Five million Brazilian farmers have sued Monsanto for as much as 6.2 billion euros, accusing the company of collecting royalties on crops it unfairly claims is the property of Monsanto.
The farmers are challenging Monsanto’s practice of collecting royalties on seed harvests planted using seed from the previous year’s crops — a primeval tradition at the very core of agriculture which has played a major role in human history since 6000 BC.
But because Monsanto Roundup Ready soybeans are patented creations of the company, Monsanto charges an initial royalty on the sale of the crop produced, and a continuing royalty on every subsequent crop, even if the farmer is using a later generation of seed.
As Russia Today points out: In essence, Monsanto argues that once a farmer buys their seed, they have to pay the global bio-tech giant a yearly fee in perpetuity – with no way out.
“Monsanto gets paid when it sell the seeds. The law gives producers the right to multiply the seeds they buy and nowhere in the world is there a requirement to pay again. Producers are in effect paying a private tax on production,” said Jane Berwanger, lawyer for the farmers.
According to Russia Today, the Brazilian court has ruled in favor of the Brazilian farmers saying Monsanto owes them at least US$2 billion paid since 2004. Monsanto, however, has appealed the decision and the case is ongoing.
Despite a Brazilian ban on GMO’s, in the 1990′s, GMO soy was illegally smuggled in to Brazil from neighboring Argentina.
The ban was lifted and now 85 per cent of the Brazilian soy crop is genetically-engineered. GMO Soy currently makes up 26 per cent of the country’s farm exports.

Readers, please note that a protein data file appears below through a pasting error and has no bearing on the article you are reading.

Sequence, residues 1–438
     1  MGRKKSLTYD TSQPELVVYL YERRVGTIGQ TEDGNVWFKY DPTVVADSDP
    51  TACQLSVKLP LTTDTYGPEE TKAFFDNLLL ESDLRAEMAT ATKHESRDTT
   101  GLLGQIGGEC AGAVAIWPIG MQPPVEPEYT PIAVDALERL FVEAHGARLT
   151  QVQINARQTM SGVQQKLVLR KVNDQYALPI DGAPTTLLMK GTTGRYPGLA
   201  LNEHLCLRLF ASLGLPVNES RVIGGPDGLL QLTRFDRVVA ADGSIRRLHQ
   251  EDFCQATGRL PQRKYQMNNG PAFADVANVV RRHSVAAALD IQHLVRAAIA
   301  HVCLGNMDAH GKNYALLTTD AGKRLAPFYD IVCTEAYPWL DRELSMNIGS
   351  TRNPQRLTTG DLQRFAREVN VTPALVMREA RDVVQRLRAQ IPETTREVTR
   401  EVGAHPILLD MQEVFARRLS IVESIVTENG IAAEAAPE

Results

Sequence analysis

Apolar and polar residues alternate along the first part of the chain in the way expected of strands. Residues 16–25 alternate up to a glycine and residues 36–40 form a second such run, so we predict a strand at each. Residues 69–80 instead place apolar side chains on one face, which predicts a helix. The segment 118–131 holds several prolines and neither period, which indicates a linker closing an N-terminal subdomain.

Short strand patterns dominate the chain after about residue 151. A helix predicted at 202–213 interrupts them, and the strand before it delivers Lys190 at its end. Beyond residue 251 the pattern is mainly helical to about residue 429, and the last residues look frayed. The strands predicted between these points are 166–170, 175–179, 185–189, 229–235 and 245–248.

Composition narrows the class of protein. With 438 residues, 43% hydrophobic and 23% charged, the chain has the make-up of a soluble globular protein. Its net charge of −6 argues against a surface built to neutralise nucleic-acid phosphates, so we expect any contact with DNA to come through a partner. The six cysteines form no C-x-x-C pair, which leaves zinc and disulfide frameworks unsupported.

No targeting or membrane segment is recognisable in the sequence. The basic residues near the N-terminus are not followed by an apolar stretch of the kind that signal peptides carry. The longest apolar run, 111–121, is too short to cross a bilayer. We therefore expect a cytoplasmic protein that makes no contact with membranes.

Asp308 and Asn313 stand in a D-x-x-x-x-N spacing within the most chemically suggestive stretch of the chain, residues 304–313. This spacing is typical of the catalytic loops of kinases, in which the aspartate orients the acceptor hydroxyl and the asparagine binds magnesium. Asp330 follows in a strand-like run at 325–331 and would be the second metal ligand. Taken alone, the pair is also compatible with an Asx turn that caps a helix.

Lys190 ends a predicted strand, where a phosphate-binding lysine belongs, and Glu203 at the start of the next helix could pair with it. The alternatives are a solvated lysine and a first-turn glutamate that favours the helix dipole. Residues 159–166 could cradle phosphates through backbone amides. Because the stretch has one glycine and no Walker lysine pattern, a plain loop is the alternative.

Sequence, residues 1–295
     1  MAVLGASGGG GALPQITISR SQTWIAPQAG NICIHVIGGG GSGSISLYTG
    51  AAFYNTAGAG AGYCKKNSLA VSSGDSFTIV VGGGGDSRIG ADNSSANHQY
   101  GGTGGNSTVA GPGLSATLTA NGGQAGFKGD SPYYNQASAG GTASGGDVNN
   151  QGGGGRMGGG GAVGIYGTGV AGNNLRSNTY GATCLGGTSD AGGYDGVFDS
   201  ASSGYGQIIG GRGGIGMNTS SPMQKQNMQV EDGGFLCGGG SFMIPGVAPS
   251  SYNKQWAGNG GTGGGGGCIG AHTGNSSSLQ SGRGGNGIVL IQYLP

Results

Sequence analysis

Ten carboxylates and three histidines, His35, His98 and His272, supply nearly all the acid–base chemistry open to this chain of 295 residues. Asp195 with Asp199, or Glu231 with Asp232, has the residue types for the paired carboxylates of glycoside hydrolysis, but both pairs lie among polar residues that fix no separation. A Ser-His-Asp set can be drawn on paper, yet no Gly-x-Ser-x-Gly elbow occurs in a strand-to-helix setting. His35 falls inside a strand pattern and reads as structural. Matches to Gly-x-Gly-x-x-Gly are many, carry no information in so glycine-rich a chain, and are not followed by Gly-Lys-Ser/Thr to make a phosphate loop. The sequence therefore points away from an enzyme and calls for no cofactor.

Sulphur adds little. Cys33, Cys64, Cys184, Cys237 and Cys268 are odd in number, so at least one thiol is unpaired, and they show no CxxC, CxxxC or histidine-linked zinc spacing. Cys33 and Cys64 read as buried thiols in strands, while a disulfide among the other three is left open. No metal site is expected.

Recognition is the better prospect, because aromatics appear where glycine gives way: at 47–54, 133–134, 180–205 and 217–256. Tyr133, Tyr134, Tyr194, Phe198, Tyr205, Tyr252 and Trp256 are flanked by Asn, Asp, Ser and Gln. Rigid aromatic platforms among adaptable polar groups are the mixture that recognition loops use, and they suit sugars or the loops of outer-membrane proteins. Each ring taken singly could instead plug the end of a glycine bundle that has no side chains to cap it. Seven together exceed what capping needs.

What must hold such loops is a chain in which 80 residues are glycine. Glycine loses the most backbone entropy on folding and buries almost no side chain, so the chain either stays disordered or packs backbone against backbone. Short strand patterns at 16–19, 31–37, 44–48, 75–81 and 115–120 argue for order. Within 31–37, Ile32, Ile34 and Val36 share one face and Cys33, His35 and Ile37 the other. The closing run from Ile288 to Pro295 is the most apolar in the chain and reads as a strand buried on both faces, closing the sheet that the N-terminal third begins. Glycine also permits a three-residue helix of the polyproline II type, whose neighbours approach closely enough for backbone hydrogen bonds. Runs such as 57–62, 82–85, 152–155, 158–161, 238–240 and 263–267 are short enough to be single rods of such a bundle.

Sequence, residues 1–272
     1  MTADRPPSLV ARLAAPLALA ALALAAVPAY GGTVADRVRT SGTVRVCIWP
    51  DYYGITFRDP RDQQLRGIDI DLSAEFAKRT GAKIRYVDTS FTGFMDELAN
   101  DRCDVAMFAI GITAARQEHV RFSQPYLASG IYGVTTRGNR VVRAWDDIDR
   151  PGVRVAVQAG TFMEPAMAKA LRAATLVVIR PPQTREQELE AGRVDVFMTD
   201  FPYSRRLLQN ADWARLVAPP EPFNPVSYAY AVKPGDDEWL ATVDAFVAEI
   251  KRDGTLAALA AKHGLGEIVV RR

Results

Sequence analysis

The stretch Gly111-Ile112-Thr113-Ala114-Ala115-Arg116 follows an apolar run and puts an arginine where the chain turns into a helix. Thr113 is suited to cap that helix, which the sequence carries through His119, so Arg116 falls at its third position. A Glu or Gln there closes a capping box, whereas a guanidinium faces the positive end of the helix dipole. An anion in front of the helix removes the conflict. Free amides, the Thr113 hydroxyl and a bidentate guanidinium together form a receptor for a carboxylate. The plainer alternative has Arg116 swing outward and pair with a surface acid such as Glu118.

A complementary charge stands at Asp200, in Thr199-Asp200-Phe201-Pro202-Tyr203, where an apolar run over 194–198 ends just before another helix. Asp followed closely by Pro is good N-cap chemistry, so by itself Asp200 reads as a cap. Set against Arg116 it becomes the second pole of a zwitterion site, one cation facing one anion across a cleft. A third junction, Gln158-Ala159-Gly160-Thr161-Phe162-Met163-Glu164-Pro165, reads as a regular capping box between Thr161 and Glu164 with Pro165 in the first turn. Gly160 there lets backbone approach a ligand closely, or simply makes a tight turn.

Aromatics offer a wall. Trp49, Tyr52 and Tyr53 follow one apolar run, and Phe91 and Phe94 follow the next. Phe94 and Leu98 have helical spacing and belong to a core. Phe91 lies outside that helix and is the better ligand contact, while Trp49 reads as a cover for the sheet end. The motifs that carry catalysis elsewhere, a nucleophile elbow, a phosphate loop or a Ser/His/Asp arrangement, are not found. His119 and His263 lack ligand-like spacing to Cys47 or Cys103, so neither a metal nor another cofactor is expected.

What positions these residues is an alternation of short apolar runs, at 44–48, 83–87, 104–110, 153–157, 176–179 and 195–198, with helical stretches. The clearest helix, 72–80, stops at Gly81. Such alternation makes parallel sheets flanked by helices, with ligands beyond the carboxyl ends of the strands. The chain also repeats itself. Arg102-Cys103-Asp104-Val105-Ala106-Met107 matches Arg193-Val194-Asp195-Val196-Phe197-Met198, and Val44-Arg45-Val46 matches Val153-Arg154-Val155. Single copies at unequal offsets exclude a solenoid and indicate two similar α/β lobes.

Last year, Brazil was the world’s second producer and exporter of soybean behind the United States, netting Brazil a over $24 billion.
Worldwide Resistance Against Monsanto
Over a decade ago, Monsanto sued two brothers who farmed in Arkansas for saving and replanting 800 bushels of Roundup Ready soybeans.
Monsanto filed a number of lawsuits in that case, but most farmers settled out of court to avoid a protractive and expensive legal battle. At the time, Monsanto was investigating some 365 farmers for saving seed.
Monsanto’s attempts to monopolize the seed industry prompted soybean and other farmers to form the National Family Farm Coalition to combat the spread of genetically engineered crops.
The coalition helped file a class action lawsuit against Monsanto and other seed companies for attempting to monopolize the seed trade with patented crops. The suit charged that Monsanto and other companies work together to fix prices and dominate the market.
A new report by La Via Campesina, Friends of the Earth International and Combat Monsanto shows that around the world small-holder and organic farmers, local communities and social movements are increasingly resisting and rejecting Monsanto, and the agro-industrial model that it represents.
In 2010, the National Biodiversity Authority of India sued Monsanto, and the company’s Indian partners who developed a genetically-modified eggplant.
A genetically modified version of eggplant was slated to be the first GM food introduced into India, but Environment Minister Jairam Ramesh blocked its release following a vehement protest by environmentalists and farmers.
In 2011, 270,000 members of the Public Patent Foundation (PUBPAT) filed suit against Monsanto challenging the company’s patents on genetically modified seed.
Led by the Organic Seed Growers and Trade Association, PUBPAT represents scores of family farmers, seed businesses and organic agricultural organizations with over 270,000 members, including thousands of certified organic family farmers.
In 2010, a group of Haitian farmers organized a march in protest of Monsanto’s presence in Haiti. Haitian farmers with The Peasant Movement of Papay (MPP) pledged to burn Monsanto’s GMO seeds as part of the protest.
Anthony Gucciardi points out that in 2008, the Daily Mail covered what is known as the “GM Genocide”, which is responsible for taking the lives of over 17,683 Indian farmers in 2009.
“After finding that their harvests were failing and they began to enter economic turmoil, the farmers began ending their own lives — oftentimes drinking the very same insecticide that Monsanto provided them with.”